Why don’t early-stage VCs invest in solar?
Despite the solar market’s size and long-term growth, it’s a commodity energy business and that’s not where VCs like to put their money.
While high-technology software and hardware firms can count on an ecosystem of high-reward acquirers such as Google, Facebook and Amazon, the solar industry has the utility and power industry as an exit, a far more conservative, parsimonious and regulated ecosystem of acquirers.
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Good article, but you ignored innovation in Assembly/Installation. Just as Henry Ford revolutionized the Auto Industry in 1908 with “factory assembly” automation, “field deployable factory” automation for large PV array assembly and installation will revolutionize this market with new 10-fold worker productivity and lowest-cost-yet PV. Two DOE funded examples of this ‘in-the-field automation for PV’ are Brittmore Group (http://brittmore.com/ – website fails for some reason) and PV Robotics (http:/pvrobotics.com).
It is fairly simple, PV and electronics are just too cheap to make the money they want. So off to greener pastures.
They are now commodities at low price margins, a very good thing. Now get batteries there.
On CSP it’s best bet is homes, building where both the electricity and heat can be used plus cheap heat storage and using trough collectors.
“Venture investors at Kleiner Perkins told this reporter that concentrated PV from Amonix would be cheaper than First Solar’s cadmium telluride thin-film panels.”
Cheaper how? How long would it take this concentrated solar PV from Amonix to amortize in the field? Over many years (decades) of experiments with concentrated solar PV cells, it has (always) come down to the cost of the assembled product. Every concentrated solar PV cell project has had severe degradation in the 5 to 10 year operation, when in harsh desert environments. The elegance of the solar PV solution to ubiquitous power generation is it’s simplicity. So, far the more simple the installation is, the better option. The Berger Foundation in Palm Desert California had the “latest/greatest” tracking concentrated solar PV installation constructed on the Foundations parking structures. After a couple of years of very poor operations, some panels would not track, some panels got stuck facing west, some facing east. This system was replaced by a (fixed) non-tilted solar PV array on the parking structures. This is still the system in use today. KISS, is the way to win a marathon, not gadgets and doo-dads.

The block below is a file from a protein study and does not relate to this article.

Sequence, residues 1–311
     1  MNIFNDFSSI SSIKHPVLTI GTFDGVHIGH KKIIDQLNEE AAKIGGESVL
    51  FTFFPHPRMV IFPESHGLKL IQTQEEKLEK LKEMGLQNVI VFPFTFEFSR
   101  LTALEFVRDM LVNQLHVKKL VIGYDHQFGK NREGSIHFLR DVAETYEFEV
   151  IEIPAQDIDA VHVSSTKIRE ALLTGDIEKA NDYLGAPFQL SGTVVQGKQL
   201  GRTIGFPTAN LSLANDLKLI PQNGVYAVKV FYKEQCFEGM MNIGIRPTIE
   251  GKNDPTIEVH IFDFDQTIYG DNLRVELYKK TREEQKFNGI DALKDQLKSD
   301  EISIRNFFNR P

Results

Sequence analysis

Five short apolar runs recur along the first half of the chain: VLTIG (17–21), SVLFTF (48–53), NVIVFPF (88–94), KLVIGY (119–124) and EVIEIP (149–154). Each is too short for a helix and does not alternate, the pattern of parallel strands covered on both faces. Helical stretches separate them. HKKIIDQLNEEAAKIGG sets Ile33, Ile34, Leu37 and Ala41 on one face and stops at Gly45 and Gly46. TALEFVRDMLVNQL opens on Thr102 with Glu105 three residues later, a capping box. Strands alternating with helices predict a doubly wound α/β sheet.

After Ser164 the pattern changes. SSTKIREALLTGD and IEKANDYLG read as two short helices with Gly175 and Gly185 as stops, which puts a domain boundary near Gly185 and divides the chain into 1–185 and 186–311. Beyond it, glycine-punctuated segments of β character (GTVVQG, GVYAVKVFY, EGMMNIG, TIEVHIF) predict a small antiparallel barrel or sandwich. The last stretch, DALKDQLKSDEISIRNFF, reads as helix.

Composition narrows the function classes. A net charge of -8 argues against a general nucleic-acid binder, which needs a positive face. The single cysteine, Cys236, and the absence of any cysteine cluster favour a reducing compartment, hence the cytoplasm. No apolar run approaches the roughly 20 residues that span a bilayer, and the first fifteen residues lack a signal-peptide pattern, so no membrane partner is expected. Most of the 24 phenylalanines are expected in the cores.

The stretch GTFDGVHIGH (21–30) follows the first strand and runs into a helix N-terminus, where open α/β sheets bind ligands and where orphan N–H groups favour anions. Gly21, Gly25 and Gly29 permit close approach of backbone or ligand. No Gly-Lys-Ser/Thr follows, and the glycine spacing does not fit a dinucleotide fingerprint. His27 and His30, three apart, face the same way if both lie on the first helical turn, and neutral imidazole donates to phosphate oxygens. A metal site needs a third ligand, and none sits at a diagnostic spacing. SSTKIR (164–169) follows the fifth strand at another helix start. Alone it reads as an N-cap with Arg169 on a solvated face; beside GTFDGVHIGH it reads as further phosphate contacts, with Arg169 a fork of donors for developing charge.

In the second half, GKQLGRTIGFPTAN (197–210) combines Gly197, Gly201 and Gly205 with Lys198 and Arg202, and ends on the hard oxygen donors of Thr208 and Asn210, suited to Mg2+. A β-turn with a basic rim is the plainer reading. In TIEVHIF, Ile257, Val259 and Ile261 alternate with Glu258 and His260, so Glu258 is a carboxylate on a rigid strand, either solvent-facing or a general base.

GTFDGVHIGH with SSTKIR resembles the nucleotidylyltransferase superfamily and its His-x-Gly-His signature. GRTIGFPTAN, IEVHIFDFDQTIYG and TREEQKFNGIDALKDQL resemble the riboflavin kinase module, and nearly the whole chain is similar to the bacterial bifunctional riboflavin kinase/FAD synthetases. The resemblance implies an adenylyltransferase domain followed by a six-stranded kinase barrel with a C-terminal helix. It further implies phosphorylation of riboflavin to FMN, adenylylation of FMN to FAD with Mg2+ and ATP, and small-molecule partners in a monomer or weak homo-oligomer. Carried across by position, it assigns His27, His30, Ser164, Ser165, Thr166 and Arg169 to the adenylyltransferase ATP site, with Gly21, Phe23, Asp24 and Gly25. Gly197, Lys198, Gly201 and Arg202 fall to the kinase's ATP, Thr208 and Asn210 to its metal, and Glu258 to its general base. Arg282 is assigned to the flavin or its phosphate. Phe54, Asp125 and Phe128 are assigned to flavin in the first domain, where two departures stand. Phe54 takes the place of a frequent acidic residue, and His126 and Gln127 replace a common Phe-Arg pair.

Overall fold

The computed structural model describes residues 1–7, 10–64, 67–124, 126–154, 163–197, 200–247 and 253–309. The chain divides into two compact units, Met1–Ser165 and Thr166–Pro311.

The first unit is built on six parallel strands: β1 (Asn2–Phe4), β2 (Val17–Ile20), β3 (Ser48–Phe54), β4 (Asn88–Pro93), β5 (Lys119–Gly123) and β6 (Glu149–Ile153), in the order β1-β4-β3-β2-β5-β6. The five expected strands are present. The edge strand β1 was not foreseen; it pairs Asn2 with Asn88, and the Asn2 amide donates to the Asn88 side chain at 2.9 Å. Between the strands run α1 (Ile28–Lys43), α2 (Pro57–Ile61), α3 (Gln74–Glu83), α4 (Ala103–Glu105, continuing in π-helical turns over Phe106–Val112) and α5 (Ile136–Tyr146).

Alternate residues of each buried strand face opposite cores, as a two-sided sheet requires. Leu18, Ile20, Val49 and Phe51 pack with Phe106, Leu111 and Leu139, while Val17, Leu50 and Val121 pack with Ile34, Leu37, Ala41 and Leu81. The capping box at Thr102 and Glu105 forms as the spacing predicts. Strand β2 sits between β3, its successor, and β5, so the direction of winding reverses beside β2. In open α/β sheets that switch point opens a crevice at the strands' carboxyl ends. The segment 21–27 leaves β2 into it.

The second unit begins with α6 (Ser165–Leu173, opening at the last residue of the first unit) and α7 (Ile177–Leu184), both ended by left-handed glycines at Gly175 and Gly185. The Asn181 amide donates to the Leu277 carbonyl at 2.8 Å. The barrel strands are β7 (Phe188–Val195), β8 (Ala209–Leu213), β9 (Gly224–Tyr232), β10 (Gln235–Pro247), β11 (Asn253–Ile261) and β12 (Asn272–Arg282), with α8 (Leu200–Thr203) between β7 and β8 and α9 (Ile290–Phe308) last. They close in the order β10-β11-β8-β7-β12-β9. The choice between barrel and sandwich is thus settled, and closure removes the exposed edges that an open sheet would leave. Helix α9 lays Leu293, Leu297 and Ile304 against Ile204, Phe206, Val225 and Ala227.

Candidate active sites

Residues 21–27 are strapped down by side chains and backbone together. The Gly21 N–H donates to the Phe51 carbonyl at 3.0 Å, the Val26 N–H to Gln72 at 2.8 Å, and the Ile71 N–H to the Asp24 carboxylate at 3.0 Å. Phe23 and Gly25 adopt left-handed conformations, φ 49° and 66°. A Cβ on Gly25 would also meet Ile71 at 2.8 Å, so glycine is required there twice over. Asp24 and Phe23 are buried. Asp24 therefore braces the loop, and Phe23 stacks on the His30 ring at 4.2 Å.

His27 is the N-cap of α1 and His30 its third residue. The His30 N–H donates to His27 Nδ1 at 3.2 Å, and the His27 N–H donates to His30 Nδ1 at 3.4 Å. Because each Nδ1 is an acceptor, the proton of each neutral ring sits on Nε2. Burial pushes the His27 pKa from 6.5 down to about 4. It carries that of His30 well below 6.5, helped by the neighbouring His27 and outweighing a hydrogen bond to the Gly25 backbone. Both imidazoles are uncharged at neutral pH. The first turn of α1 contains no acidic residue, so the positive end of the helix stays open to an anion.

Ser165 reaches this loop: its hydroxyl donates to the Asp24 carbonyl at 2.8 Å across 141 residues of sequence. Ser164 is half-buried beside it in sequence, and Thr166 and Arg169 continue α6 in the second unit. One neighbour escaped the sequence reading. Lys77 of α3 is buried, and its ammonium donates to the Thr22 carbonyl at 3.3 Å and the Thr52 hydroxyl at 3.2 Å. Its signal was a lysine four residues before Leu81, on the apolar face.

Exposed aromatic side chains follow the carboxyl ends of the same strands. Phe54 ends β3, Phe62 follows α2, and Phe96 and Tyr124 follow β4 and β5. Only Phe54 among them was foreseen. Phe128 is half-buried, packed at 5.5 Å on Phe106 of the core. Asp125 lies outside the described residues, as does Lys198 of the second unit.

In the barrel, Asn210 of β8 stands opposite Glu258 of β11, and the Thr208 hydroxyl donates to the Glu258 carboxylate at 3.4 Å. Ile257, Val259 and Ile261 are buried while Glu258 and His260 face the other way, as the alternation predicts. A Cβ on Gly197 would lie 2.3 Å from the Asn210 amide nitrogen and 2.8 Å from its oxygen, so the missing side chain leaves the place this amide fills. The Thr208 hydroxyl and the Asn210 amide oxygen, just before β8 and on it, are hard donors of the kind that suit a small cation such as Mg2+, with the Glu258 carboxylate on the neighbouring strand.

Totally agree with you. Right down to the point. Cheers mate
Thanks for this great overview piece Eric. Dominant silicon solar panels are commoditized because there are all using the same manufacturing and processes. But the low to non-existent margin problem has everything to do with high capital intensity as illuminated by MIT/NREL in the link below. Without significant innovation on the PV module materials and manufacturing front, this problem will not go away and it discourages new entrants from the energy transition sectors.
Two comments from someone who has raised tens of millions of VC into a solar startup over the last decade:
1) The most important segmentation of VC investments in the solar market is between capital-intensive, high-technology-risk solar startups and capital-light, low-technology-risk solar startups. Said more simply, startups burning lots of capital on technology innovation, and startups burning minimal capital to grease the skids for a technology that has matured. The aughts were full of the former, and the successes this decade have been largely in the latter. I would argue this is the correct approach from VCs and reflective of the maturation of PV technology. (Carlota Perez might say that the solar industry moved into the deployment period.)
2) The explanation for the modest investment into startups serving the “deployment” stage of solar has as much to do with how VCs get their capital as anything happening in the solar industry. VCs raise their capital from LP, or limited partners, that typically represent the largest pools of capital in the market: endowments, pension funds, insurance companies, Wall St fund of funds. When the VCs raise that capital, they typically have target markets in which they intend to deploy it. Once that capital is raised to deploy into a market or a set of markets, the VC’s ability to stray outside of those markets is limited (as a fudiciary.) After the bloodbath of the aughts, pitching solar or cleantech or whatever you want to label it was a very, very bad idea. With no funds raised with that mandate, VCs were largely helpless to fund this market, even if they wanted to.
A very cogent statement on “capital-intensive” -vs- “capital-light, low-technology-risk” solar startups. We will use that language going forward. While our disruptive innovation is high-tech and somewhat complex at the systems-level, it is still decisively “capital-light” and “low-technology-risk”. Thanks for the language!
We are very much interested in bankability of solar utilities.
Leasing, long debt, equity needed , suppliers debt etc.
As a startup in solar in we wonder what in general is possible and